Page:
Do-it-yourself vision therapy is currently an exciting topic of discussion in the strabismus and lazy eye world. With new technologies emerging and becoming more readily available to the public, it’s an interesting debate. After 4 years in vision therapy to correct my eye turn and gain stereo vision, I often look back and wonder, ‘Could I have done it on my own? Did I really need to pay thousands of dollars for the guidance from my optometrist?’
So what’s the answer? Does DIY vision therapy work for strabismus? Absolutely! With the correct tools, exercises, knowledge and drive, stereo vision can be achieved for any patient. Unfortunately, it will be about as easy as constructing a 50 foot bridge across a forest creek using YouTube and engineering textbooks. Possible, but quite challenging.
For free downloads, my course and to schedule over zoom with me, head over HERE.
For everyone else, let us begin with a little personal story, I promise I will get to vision therapy.
About 15 years ago, each of my siblings was gifted a gorgeous lot of land in the valley of the Teton Mountain Range in Wyoming. While gorgeous, it had one minor problem. It wasn’t accessible. Perched in a meadow on the edge of a steep, foresty drop-off down to the creek, there was no bridge or road that allowed us to actually get to the property.
With hopes of building cabins, it was decided, five years ago, to build a bridge to reach the properties.
In my mind, we would need to build up the edges of the creek, then get some sort of strong wood or metal to put across the creek to get to the other side. It would be tough, but we could do it. I wasn’t completely wrong…well, actually I was.
My brother and dad, both engineers, recognized that it was much more complicated. After extensive measures were taken to get permits and plans drawn up that would allow access while preserving the beautiful forest and creek, a process that took years, construction was started. These are the 8 simple steps we took to build that bridge.
Step one: Build the frame out of rebar for the concrete foundation. What?!? I literally had no idea what we were building, to be honest. It was this point that I started questioning my dad and brother. What were we building, and why so much rebar?
Step 2: Transport the metal mass to the location and build forms around it so that concrete could be poured. How did they figure out how deep to dig the holes? Were they going to be level? How would we get all the way across? I started realizing that this was an art and SO much more complex than I had realized.
Step 3: More concrete, build more forms. I started seeing, at this point, that this was going to provide the foundation for the bridge. It seemed so sad that you wouldn’t even be able to see our HOURS and DAYS of work because it would be buried deep in the ground below the bridge.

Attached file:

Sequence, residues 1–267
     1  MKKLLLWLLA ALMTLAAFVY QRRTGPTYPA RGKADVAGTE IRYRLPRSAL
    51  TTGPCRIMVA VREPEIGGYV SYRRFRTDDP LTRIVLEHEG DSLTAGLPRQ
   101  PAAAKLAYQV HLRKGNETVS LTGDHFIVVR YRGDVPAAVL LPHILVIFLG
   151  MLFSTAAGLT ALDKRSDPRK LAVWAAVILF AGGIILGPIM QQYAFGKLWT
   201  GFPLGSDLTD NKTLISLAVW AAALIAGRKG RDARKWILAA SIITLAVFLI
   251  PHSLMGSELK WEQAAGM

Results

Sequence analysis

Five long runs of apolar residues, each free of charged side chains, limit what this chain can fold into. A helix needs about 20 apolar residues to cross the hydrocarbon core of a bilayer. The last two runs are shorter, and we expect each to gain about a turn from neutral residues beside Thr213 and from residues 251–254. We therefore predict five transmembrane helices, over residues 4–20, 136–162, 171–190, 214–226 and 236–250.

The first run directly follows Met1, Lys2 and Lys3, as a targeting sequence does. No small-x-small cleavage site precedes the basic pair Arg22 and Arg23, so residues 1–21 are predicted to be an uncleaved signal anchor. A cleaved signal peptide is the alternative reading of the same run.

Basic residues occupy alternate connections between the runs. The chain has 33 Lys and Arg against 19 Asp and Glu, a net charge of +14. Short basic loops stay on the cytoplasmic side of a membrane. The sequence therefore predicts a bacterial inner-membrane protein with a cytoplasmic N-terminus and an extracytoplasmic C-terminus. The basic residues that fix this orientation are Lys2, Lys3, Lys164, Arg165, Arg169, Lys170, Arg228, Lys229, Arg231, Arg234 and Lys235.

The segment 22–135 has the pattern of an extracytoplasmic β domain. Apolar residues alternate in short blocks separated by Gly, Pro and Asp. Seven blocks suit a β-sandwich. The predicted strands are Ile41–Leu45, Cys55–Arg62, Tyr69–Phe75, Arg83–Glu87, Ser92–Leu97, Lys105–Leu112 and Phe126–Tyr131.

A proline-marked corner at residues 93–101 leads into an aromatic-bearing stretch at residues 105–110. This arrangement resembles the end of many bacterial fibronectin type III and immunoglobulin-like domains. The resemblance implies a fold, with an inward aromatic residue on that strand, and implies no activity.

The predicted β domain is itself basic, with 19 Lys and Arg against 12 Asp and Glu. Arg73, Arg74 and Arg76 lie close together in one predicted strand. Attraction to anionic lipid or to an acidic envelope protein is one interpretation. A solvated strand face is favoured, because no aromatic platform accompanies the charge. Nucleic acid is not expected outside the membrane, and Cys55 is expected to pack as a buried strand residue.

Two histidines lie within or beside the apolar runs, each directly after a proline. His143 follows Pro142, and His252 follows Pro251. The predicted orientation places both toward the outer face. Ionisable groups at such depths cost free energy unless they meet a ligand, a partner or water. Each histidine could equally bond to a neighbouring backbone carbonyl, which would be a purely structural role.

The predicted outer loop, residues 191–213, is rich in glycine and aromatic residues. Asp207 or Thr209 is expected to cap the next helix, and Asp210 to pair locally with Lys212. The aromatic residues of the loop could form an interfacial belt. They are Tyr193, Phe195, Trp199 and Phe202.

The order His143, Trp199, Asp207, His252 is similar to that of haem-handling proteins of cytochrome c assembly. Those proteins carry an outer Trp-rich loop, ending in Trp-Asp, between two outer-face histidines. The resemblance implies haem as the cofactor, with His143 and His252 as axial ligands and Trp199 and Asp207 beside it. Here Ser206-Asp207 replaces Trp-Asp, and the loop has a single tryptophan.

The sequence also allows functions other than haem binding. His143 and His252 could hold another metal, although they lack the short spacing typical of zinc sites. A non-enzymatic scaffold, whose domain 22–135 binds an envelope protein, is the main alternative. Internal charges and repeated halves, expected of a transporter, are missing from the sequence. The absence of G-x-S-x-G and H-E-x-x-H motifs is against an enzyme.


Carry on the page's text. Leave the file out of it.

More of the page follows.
Step 4: Next was putting together and filling gabians to form a retaining wall to protect the foundation from the fast moving water of the creek. Luckily, the kids and I were experts at helping with this part! We filled those cages with rocks with all our hearts!
Step 5: Place the huge steel beams across the foundation. These babies were 3 feet tall and 50 feet long! Getting them into place required the expert work of specialized equipment and finesse.
Step 6: Weld everything together to make sure that nothing falls apart.
Step 7: Carefully place and align over 100- 4 inch steel pipes to form the deck for the bridge where we would actually be driving. This was much larger than I had anticipated. Who knew that to get over a moderately sized creek you would need such an enormous bridge!
Step 8: Paint and beautify the surrounding to make it look like the bridge has always been there, then drive across and enjoy the fruits of your labors (or your family’s labors).
Not too bad, right? Do you feel like you could go find a beautiful forest creek and build a bridge across it? I have given you all of the necessary steps, right?
We just finished last weekend and I’ve been reflecting on the entire process and the parallels to my vision therapy journey. Building the bridge seemed pretty simple in my mind at the very beginning and I grossly underestimated the complexity involved with each step.
From the outside, vision therapy for strabismus seemed pretty simple too. Just get some red green glasses, wake up that weak eye and boom! You have stereo vision!
If only it were that simple.
Bridging the Gap: What In-Office VT Offers that Can’t be Gained Through DIY Therapy
If you already see the point I’m making, but are wondering where to start, head over HERE and fill out the form and I will send you personal vision therapy recommendations in your area for free (no, I don’t get a kick back from the offices, if only!).